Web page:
Creating effective slides for online presentations is actually really hard. Much harder than creating decent slides for use face-to-face, and most people can’t do that. But the thing is, that if your slides aren’t good, then presenting a webinar effectively just becomes incredibly difficult.

In the same way that putting  up a bunch of text and reading it or explaining it when the audience can just read it doesn’t work when presenting face-to-face, it also doesn’t work when presenting online. Self-explanatory slides don’t work – whether you want to present them online or in person.

But then, there are extra considerations for presenting online. When presenting in-person, audiences are somewhat restrained in how they respond. It’s rude to get up and leave, so people are less likely to do it. It’s rude to check email, or type replies, or talk on the phone. Some people do these things – even in a small meeting room with a presenter next to them – but not as many as do it when nobody is watching and when the speaker is in another city.

Also, when presenting in person, the speaker herself provides a whole additional point of interest. The presenter can move around, wave her hands, point at things, look at the audience, smile, or even accidently trip and fall. All these things can be visually engaging – to different levels. When combined, slides and speaker usually give the audience something to look at. Interacting with the slides to focus the audience’s attention on something, or using the ‘B’ or ‘W’ keys to blank out the slide to make the audience focus on the presenter, can take this further. Make the speaker invisible – because they are presenting online – and all of a sudden the slides need to work much harder. So does the presenter’s voice.

So, why do so many webinars leave text-heavy slides on screen, unchanged, for minutes at a time? I think that’s a stupid mistake. The audience will read the slide in five seconds, and then the slides will be ignored for the next couple of minutes. The webinar becomes a podcast. The audience start multi-tasking, and the presenter needs to work really hard to retain – or regain -attention.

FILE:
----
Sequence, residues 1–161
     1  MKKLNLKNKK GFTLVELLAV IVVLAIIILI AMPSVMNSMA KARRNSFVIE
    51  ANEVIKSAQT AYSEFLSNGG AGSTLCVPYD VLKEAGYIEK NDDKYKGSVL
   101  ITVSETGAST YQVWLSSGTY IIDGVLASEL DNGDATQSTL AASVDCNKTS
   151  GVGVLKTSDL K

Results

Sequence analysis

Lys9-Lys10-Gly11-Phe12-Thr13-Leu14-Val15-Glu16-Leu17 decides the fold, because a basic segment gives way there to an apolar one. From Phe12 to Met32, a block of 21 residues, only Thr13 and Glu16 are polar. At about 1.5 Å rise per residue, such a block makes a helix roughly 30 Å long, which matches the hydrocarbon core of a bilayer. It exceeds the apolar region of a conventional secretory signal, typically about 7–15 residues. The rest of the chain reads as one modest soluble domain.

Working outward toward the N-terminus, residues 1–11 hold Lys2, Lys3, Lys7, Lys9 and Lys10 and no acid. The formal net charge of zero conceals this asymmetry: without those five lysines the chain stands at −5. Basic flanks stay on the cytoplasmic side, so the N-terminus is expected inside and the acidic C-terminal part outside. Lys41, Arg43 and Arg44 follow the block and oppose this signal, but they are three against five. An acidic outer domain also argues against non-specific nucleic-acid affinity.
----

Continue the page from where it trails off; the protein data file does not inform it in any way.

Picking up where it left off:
We think that something should change on screen every fifteen seconds or so for a webinar. That can mean a new slide, or animation within a slide, or the use of mark-up tools to annotate or highlight slides. Leave things unchanged for longer than fifteen seconds, and things become unnecessarily difficult for the presenter. Our style of slides uses plenty of animation within each slide, but then, we’re pretty good at using PowerPoint. If you find it easier, go from slide-to-slide, picture to picture – that can work too. Annotation can work brilliantly – but is harder to get right if you are reading a script. Consider using an assistant, present from notes, or plan breaks from a script to show things on screen. Just keep things moving quickly.

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  1. Image of Annabella Annabella says:

    Dear Joby,

    Thanks for this post. I agree it’s really hard to present something properly if you can’t do it in person. I just wanted to make you aware of a website called It’s good for situations when you can’t be there in person to give a presentation but feel that your PowerPoint isn’t a sufficient explanation of your topic. So you upload your slides on to then record yourself through your webcam explaining them. I’ve found it really useful- and because it’s video and slides, I can explain all the bits that are a bit ambiguous in my PowerPoint. And it’s free! Hope this helps! Annabella

    • Image of Joby Blume Joby Blume says:


      Thanks for the comment/advert.

      I’ve looked at, and I really wouldn’t recommend it for two reasons:

      1. The slides don’t animate, so everything I say above about using animation is impossible to achieve. The slides end up pretty much irrelevant, especially because –
      2. The speaker video isn’t super-imposed on the slides, it sits separate. So the audience don’t know where to look – slides or presenter.

      Presenting online does present unique challenges, but they can be overcome. For an on-demand recording of presentations, I think there are plenty of solutions out there that support animation, and that’s far more important than being able to place a video of a presenter next to a static slide. As static slides add so little, just skip them and upload a video of yourself to YouTube if you want to record a speech.

      That said, it’s always useful to consider new things, so thanks for bringing it to our readers’ attention.

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